Family Relations/Breaking the news...

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Question
hello Bruce. So yesterday my girlfriend and I found out that she is pregnant! We are so happy! I am 35yrs old and she is 27. For the past few months we have been discussing our future together. How we will marry and have kids. Start our family. And yesterday we found out that our first step has been taken. Now comes the difficult part of letting my parents know. I know for a fact that they will not take the news easily or happily. It means a lot to me and my girlfriend that they receive the news and offer best wishes. I know they eventually will, but it will take time. I cannot even fathom the reasoning behind them being upset over this. And yet, I know they will be. It happened when my brother had his first child. They grew very upset. At the time though, he was only 18 years old. I could understand their reaction. About 6 months ago he had twins. He received the same reaction from our parents and this is why I am anticipating the negative outcome with me.

What would drive parents to the point of which they get upset that their adult children want to start their own family? I fear that when my mom finds out, she will be upset, and I will resent her for it. What could possibly be the psychology behind their reaction? What would drive someone to be upset over this? I'm just having a tough time coming to terms with a reaction other than happiness for us.

Thanks Bruce, Jared C.

Answer
Hi, Jared, thanks for your questions.

What would drive parents to the point of which they get upset that their adult children want to start their own family? What could possibly be the psychology behind their reaction? What would drive someone to be upset over this?

----- well, there could be hundreds, if not thousands of 'reasons', of course. Now, some questions for you:
- what makes you think it is 'bad' that they will be upset?
- what's so wrong about their being upset?
- are you trying to control their feelings?
- don't they have a right to feel however they want to feel?
- are you trying to have their approval?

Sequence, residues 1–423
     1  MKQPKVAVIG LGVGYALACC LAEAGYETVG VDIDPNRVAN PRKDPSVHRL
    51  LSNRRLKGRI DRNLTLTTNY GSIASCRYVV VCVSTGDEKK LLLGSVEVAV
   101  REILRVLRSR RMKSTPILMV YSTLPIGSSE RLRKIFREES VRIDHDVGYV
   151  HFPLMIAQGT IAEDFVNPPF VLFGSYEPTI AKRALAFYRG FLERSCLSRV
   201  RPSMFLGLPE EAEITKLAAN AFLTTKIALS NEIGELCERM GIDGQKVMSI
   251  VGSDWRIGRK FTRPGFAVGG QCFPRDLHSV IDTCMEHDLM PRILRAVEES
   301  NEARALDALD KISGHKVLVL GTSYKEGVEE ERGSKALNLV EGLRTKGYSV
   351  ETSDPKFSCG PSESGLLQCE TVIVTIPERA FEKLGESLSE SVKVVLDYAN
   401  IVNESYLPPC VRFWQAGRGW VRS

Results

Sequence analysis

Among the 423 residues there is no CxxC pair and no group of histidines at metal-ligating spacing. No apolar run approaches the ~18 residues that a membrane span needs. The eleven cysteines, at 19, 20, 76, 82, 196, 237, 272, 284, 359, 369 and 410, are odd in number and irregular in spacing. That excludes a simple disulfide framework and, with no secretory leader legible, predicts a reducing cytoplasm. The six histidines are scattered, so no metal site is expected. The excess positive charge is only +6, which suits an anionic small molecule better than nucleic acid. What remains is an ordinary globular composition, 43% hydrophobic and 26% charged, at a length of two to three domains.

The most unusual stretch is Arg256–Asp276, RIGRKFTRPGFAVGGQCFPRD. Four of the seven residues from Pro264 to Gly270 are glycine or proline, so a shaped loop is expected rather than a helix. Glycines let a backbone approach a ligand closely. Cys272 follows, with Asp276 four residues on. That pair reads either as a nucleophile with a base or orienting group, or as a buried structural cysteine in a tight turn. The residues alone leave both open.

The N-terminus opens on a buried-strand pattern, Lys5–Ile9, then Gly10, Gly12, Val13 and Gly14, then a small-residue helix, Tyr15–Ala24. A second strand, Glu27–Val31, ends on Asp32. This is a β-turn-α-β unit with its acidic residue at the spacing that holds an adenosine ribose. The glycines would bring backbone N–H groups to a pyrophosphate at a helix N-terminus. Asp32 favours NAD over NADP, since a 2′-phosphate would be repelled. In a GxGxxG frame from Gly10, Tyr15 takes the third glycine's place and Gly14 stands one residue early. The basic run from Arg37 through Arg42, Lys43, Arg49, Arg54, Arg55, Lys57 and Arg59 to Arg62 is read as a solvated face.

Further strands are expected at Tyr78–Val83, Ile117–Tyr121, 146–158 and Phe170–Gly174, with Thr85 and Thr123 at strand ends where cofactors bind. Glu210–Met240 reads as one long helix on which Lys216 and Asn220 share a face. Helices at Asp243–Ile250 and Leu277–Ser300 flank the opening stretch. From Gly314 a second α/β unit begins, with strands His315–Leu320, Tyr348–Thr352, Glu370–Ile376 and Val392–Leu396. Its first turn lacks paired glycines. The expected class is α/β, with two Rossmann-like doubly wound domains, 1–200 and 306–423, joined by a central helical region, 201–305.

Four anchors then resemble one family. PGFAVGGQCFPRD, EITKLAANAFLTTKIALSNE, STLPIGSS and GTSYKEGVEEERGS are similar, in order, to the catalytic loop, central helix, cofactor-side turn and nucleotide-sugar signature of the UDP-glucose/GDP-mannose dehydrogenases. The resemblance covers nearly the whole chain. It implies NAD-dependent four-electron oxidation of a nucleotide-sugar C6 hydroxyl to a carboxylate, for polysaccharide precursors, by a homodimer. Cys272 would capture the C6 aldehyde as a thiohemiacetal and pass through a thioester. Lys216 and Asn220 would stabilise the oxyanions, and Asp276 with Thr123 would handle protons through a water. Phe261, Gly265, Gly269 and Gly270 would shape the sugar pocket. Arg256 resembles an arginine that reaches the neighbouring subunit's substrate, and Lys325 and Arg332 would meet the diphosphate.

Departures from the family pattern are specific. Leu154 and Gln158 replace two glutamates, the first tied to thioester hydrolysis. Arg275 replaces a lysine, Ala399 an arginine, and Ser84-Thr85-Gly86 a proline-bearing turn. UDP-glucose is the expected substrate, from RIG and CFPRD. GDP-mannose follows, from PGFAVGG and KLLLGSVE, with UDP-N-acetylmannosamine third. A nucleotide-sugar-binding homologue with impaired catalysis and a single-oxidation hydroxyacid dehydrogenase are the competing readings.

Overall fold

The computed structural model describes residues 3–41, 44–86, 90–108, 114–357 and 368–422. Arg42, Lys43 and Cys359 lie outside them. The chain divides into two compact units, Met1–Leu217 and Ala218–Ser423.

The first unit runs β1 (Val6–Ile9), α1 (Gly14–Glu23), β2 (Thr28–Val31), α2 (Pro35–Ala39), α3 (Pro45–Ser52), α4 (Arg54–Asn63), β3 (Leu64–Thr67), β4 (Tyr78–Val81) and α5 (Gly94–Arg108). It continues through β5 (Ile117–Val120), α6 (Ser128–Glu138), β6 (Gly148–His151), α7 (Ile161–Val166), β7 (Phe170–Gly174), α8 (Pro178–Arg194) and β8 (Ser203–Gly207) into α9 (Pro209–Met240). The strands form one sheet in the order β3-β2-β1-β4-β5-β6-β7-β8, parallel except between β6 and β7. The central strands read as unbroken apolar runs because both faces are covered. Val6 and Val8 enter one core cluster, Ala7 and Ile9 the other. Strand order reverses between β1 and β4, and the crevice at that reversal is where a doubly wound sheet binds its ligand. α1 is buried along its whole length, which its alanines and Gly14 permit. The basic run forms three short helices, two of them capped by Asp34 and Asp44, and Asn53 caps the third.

- if so, why is their approval so important?
- How old will you be when you seek your own approval, instead of your parents? to live your own life, on your own terms?

There are many more questions, that a therapist might ask, of course, but you likely get the idea.

My advice would have been, had you asked:
- let them feel however they want to feel, and say whatever they want. You are an adult, and so are they.
- if you really want to understand them (instead of trying to stop them from 'being upset'), ask questions. Ask a LOT of questions. Keep on asking questions (and listening, really listening - instead of opposing them, or waiting to say what you want to say - as is human nature) until they feel 'heard'.
- only say what you have to say if they invite you to do so (and you can tell they really mean it)

BTW, this technique is especially helpful with teens - which comes sooner than you know!  

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Bruce Borkosky, Psy.D.

Expertise

questions framed similarly to 'what are some ways to respond when someone does/says X' are best. Questions posed in the form of 'why does my father do/say Y', or 'how would you diagnose my mother when she does/says Z' are difficult, if not impossible, to answer. I will probably reframe your question to fit the first question (what do I do). Nay question regarding any family member is fair game. Some of the most difficult are in the area of step-parenting and divorcing families.

Experience

I've been a licensed psychologist in Florida since 1994. I've evaluated and/or treated thousands of patients.

Organizations
American Psychological Association Florida Psychological association National Register of Health Service Providers in Psychology

Publications
www.bruceborkosky.blogger.com

Education/Credentials
Psy.D., Miami Institute of Psychology, 1993 M.CS., U. of Dayton, 1984 B.A., Ohio Wesleyan U., 1978

Awards and Honors
Award for Years of Dedicated Service, Palm Beach County Legal Aid Society, 1999

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